He wasn’t distant; ours was a close God. He wasn’t distant from our pain, he grieved with us. We discovered this God in the faces of the people who came to the hospital and sat with us, who held her earthly body, and lamented with us.
We discovered God in the mess and the pain as people showed up to help us get through a completely unfamiliar experience in the coming months.
Why did we lose Emme? Why her? Why us?
It hasn’t been easy, and it hasn’t been comfortable, and it hasn’t been a story of perfect faith. It’s been a wrestle.
Why did we lose Emme? Why her? Why us? All these questions are ones we don’t have access to. But in our brokenness, we saw God with just a little more clarity – not as a divine cash register, but as a ‘personhood’ who grieves with us and suffers with us.
Our ‘Genesis Week’ is not a story of completeness, it’s a story of the process. It’s not a destination, it’s a road we now walk on. God’s not a formula, he’s the very ground of our existence.
And guess what? Because he’s not a formula, sometimes we don’t have the answers. But that is why we create; as artists; we don’t trade in answers, we trade in better questions.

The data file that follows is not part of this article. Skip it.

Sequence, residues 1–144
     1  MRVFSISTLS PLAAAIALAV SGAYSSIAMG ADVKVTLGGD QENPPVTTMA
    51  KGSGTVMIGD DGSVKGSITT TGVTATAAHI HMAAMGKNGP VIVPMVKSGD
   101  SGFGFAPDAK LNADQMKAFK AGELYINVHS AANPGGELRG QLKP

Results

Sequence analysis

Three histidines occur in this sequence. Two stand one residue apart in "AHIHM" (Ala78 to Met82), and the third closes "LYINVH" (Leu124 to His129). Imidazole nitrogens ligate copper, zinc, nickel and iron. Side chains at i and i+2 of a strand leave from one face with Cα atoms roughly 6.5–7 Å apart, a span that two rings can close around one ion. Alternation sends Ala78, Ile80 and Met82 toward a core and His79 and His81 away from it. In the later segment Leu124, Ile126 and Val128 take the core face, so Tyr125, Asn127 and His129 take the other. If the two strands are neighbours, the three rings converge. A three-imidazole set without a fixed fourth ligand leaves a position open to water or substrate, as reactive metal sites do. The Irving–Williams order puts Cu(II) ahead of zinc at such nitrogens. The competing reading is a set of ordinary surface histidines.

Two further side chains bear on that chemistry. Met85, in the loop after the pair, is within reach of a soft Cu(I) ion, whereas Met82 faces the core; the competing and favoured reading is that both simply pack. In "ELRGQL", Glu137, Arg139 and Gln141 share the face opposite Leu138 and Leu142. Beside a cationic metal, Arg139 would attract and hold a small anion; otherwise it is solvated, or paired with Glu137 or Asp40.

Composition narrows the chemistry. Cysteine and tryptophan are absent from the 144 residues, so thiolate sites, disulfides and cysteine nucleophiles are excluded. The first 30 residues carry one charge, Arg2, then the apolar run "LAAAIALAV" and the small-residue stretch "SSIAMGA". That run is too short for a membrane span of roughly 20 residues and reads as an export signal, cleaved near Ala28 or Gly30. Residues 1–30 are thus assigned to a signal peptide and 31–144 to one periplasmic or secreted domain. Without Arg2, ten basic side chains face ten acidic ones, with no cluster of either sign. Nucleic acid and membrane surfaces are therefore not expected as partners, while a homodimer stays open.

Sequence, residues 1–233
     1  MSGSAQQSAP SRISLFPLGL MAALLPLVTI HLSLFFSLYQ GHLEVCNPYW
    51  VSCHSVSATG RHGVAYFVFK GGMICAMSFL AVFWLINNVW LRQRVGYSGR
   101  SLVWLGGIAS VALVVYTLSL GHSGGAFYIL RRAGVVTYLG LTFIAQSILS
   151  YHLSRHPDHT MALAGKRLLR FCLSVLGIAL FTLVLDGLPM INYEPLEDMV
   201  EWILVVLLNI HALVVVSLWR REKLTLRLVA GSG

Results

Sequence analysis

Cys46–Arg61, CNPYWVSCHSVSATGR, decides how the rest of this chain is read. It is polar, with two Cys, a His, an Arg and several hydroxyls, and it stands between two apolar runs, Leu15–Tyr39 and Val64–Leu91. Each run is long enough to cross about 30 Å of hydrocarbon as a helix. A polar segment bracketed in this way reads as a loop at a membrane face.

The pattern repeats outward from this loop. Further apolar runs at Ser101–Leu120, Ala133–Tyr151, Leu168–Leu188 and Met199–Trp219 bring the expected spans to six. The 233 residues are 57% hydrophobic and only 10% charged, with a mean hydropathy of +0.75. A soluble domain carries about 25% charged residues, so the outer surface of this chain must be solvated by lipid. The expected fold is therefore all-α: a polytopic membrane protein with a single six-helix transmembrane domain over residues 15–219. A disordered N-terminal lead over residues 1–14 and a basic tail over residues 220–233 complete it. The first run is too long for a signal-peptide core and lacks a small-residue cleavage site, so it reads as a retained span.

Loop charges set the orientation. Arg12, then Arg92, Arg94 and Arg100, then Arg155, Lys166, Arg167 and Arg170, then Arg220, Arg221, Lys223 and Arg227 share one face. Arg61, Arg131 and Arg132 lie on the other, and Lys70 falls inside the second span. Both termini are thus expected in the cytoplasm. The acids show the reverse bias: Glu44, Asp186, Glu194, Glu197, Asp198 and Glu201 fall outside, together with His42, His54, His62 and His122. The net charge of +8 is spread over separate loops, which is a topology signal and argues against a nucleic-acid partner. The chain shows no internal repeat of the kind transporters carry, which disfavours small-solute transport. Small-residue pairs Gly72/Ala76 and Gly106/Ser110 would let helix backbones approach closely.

As artists, we move in the symbolic, in the pre-verbal; we move in the painting and the melody. We move in the poetry where collisions of previously unrelated words take on a fresh new metaphorical meaning and songs speak to people in a thousand different ways.
We don’t have answers, but we have a suspicion. We don’t have a definition; we have a chord.
This world often makes no sense. It makes no sense that parents bury their children. But we have this suspicion … I like to call it a Hope. We have this hope, that one day all that is lost and broken will be found and restored. That the current direction of the world, spinning towards death and entropy, will one day be reversed as the earth will be filled with the knowledge of the glory of the Lord, as the waters cover the sea.
When we create things that are beautiful, they aren’t kitsch and cute. They are an anticipation of the reality of the Kingdom of Heaven.
Beauty is not a pretty pursuit; it is the rebellion of entropy. It’s a prophetic statement, that while we have fleeting moments of beauty in this world, one day this will be the all-consuming reality. That the lost will be found. That the broken will be restored. That those in captivity will only know freedom. That division will be eclipsed by unity. That we who are a mess now, will be remade whole.
So, while we feel the crushing weight of suffering, our art rebels against this, confessing: “There’s a healing light, just beyond the clouds. Though I’ve walked through fire, I see clearly now.”
David Andrew describes himself as “a musician who makes people dance, find rest and deal with existential dread”. He is a singer songwriter with a new album called Ghosts and he co-wrote the Gang of Youths’ song Persevere which describes another aspect of his experience of their family losing daughter Emme that is discussed in this article. He’s also the producer and co-host of the Inverse Podcast with Jarrod McKenna.